There’s a pattern in European building that American builders ought to emulate. It’s perhaps not the sort of thing the casual hotel traveler might notice, but it’s a habit in city design that manages density (noted by a friend at dinner last night) and provides a walkable cityscape attractive both to visitors and residents. Here I mean the courtyard-centric housing in cities like Berlin. Buildings directly abutting sidewalks as well as ground-floor cafes and bakeries are the most noticeable for the person wandering the city, but for the resident, the focal point of an apartment block is the central courtyard of that block. Residential buildings are coexistent with commercial operations. While the bars and spatkauf (late night shops) line pedestrian zones, these are interspersed with vehicle-sized gateways to inner courtyards, and these are large open spaces in the centers of these buildings. Bicycle parking, seating, garbage collection points, and mail drops are situated either in the breezeways serving as entrance points from the streets or in the courtyards themselves.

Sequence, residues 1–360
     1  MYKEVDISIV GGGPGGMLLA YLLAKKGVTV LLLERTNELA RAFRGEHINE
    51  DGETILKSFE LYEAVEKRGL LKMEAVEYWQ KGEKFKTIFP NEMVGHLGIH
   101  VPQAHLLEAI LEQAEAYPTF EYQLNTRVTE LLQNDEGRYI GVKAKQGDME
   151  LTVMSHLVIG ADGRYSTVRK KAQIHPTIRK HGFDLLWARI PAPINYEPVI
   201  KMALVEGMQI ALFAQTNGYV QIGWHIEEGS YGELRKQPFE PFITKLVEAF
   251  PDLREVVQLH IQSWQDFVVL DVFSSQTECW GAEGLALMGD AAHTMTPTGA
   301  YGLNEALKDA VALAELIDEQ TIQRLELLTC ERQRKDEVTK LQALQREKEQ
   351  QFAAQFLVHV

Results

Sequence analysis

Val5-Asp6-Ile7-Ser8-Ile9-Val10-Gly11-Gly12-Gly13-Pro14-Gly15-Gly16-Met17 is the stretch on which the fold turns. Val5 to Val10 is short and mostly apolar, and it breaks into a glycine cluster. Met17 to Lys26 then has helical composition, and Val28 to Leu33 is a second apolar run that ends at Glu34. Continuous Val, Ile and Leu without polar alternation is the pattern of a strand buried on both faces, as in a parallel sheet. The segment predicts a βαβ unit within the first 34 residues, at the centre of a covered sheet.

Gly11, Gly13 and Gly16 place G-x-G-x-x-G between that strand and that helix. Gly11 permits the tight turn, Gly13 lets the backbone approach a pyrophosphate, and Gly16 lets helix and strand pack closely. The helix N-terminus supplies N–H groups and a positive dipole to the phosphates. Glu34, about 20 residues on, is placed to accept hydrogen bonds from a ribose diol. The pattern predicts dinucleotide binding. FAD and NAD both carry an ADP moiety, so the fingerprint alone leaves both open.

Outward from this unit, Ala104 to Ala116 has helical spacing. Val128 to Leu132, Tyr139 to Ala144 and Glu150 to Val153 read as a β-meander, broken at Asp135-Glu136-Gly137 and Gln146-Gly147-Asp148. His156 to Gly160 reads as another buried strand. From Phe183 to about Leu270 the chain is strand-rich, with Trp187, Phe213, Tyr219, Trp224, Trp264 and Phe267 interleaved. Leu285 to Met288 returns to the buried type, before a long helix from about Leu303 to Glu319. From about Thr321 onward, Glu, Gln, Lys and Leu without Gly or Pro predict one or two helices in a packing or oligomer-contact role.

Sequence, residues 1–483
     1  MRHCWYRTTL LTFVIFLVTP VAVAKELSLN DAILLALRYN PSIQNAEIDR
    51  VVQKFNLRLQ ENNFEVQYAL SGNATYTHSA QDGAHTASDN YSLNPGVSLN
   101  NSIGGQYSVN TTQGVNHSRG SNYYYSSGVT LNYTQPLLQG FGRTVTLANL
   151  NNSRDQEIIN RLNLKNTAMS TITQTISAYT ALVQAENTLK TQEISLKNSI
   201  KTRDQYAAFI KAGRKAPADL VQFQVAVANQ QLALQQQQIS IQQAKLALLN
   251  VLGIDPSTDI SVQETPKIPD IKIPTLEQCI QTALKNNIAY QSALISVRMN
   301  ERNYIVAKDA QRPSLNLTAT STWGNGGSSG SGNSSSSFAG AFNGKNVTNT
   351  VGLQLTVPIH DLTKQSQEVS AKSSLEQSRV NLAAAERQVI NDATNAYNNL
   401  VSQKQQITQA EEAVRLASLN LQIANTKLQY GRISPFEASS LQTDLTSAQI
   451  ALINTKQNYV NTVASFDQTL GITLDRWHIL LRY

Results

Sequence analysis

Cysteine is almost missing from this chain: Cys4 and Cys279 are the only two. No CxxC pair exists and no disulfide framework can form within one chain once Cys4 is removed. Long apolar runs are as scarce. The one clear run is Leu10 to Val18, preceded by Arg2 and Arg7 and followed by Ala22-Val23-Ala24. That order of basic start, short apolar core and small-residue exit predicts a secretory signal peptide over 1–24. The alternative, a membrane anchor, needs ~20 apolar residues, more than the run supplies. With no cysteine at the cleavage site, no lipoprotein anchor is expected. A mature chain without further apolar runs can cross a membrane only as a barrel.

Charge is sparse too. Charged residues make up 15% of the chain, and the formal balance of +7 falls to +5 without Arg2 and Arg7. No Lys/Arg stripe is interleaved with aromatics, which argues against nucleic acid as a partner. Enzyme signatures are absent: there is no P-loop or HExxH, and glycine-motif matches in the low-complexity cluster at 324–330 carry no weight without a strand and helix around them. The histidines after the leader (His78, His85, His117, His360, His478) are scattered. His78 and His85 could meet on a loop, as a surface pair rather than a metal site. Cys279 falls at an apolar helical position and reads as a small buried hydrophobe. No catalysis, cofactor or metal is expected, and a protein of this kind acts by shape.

This building pattern serves a few ends. First, it maximizes the usefulness of streetfront spaces. Second, it caps the density of a city block by holding open the centralmost point in the block. (In the U.S., when we build an apartment block, we fill its volume from one end to the next – and then front to back – with apartments. In Germany and other European countries, the forced break in side-by-side and back-to-back living quarters reduces density to a level that keeps neighbors neighbors and not necessarily strangers among a horde of strangers.) I’d like to see more of this in the United States. If I had a million or more investment dollars to develop a piece of land, this is the model I’d choose.
Kreuzberg, Berlin 20 June 2017
Remember, you can find all of the summer 2017 posts on this page!